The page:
Walking into a Connection with Creativity

It’s a reality that for me regular exercise is crucial to clearing the mental cobwebs, calling a halt to ruminative thoughts, and giving me an overall uplift in mood.  It also burns calories and means I don’t have to spend money buying bigger pants, but that’s a whole other post.  In fact, exercise (whether it’s running or just getting my @ss up and moving) has been a key factor in helping me re-connect to creativity.  A lot of research has been conducted to determine whether there is a connection between exercise and creativity, but there’s not necessarily a very clear-cut or definitive answer as to whether and how exercise impacts creativity.  Part of the reason for that is just down to how research is conducted and all the variables that go into that process.  Things like:

  • What type of exercise are the participants doing?   Vigorous?  Easy?  Something that requires skill?  Or something anyone can do?
  • Who are the participants and what are they like?  Are they all the same age, same physical fitness level?  What are their backgrounds?  Are they made up of different ages, different fitness levels or are they all somewhat similar?
  • How are they measuring creativity?  Are they only measuring divergent thinking?  Are they only looking at convergent thinking?  Or are both types of thinking being measured?  And what instruments or methods are they using to assess?

There are many more variables that could be considered for each study and while this level of detail is important for research, it makes it hard for those of us who like to see things in black and white (i.e., me) to get a definitive answer.  Imagine a multitude of studies, each one looking at perhaps different aspects of creativity and perhaps assessing how different types of exercise might impact it.  The possibilities and permutations are endless, so it’s not surprising there isn’t a one size fits all every time answer.  I wish I could be happy with that, but since I know it works for me I’m always hoping for some incontrovertible proof, dammit.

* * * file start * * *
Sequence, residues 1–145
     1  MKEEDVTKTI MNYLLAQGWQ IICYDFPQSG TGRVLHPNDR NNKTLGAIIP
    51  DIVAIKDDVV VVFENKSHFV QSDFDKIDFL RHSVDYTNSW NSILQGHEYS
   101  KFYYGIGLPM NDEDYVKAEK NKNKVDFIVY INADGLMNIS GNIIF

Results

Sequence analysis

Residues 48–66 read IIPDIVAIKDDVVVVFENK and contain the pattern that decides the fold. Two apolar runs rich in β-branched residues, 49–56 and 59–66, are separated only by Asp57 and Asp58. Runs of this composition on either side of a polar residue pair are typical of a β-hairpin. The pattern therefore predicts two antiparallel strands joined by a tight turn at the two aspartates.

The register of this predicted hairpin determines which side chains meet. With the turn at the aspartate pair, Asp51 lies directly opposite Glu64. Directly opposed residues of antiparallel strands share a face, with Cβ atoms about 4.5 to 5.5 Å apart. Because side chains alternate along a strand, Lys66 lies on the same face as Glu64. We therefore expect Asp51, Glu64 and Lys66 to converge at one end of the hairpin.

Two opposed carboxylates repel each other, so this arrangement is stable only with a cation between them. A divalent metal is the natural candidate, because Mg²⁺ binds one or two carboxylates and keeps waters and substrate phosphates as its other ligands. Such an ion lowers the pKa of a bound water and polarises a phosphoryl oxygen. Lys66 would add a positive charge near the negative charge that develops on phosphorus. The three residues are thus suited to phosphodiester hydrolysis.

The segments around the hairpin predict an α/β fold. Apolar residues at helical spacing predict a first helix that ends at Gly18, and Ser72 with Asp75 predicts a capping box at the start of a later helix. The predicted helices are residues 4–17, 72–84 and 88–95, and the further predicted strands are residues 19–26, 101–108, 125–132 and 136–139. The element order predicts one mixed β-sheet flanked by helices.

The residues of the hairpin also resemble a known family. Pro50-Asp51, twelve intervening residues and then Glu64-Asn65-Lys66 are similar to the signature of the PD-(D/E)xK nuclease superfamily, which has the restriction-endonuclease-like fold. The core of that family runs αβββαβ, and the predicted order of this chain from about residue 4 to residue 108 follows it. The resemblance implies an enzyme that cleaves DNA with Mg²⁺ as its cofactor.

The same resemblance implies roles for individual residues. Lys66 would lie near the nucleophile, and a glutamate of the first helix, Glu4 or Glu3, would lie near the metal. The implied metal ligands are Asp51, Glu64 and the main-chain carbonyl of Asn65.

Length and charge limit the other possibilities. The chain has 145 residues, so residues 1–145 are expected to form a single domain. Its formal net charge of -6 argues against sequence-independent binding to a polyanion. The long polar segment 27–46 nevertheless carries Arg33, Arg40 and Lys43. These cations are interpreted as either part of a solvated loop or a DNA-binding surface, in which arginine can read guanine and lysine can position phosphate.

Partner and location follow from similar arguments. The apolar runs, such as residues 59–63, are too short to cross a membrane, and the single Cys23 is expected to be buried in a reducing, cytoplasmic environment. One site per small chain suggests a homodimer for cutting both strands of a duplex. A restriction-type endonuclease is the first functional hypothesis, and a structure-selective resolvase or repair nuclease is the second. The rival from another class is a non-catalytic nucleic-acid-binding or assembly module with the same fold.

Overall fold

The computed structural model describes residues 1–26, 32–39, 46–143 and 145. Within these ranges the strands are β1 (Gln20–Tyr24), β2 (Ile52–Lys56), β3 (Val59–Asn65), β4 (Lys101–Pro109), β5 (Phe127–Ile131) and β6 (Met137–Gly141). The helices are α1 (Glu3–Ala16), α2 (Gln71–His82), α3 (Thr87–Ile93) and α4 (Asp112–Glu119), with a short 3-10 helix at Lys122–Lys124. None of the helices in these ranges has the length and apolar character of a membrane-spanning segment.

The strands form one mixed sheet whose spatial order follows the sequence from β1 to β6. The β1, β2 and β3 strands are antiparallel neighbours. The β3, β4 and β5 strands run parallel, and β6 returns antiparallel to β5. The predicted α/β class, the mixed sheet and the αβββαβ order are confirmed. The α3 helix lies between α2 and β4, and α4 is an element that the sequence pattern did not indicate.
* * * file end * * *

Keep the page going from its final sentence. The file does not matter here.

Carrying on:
So, even though I wasn’t looking for it, I found a pretty dang compelling study, conducted by Marily Oppezzo and Daniel L. Schwartz of Stanford University, that offers something more definitive.  As studies go, this one was very straightforward and focused on comparing divergent/convergent thinking performance between participants who were seated and those who were walking (with a few other variations thrown in and described further on).  The researchers used tests that are used frequently in this type of research; the Guilford Alternative Uses Test (GAU) and the Compound Remote-Association test (CRA).  GAU is considered a test of divergent thinking where participants are required to come up with as many alternate uses for an object as possible, while the CRA is considered a test of convergent thinking requiring participants to identify the common word associated with three seemingly disparate words.

A number of different experiments were conducted using different combinations/types of walking and sitting:

  • Sitters vs walkers
  • Sitting, then walking vs Sitting
  • Walking, then sitting vs Sitting
  • Walking outside
  • Walking inside on a treadmill

And spoiler alert, but hey I can’t NOT tell you how it all came out:  Oppezzo and Schwartz found that walking increases creativity, specifically divergent thinking (coming up with numerous new and novel ideas).  Even better, these benefits hold true regardless of whether you’re walking outside on a glorious sun-filled day or just walking on your treadmill in the basement.  And if you’re sitting around binge-watching your latest fave and then go walkabout or vice versa, it still works.  That’s really good news for those of us who spend the majority of our work week inside and often at a desk.  Now we know we have an easy option to jump start our creative juices by getting up and taking a walk around the building.

Next time you’re running low on ideas or seeking a creative jump start, remember this:  You don’t have to run a marathon, you don’t have to reach a state of utter exhaustion, in fact you don’t have to do anything special at all … you just have to get up and take a walk.

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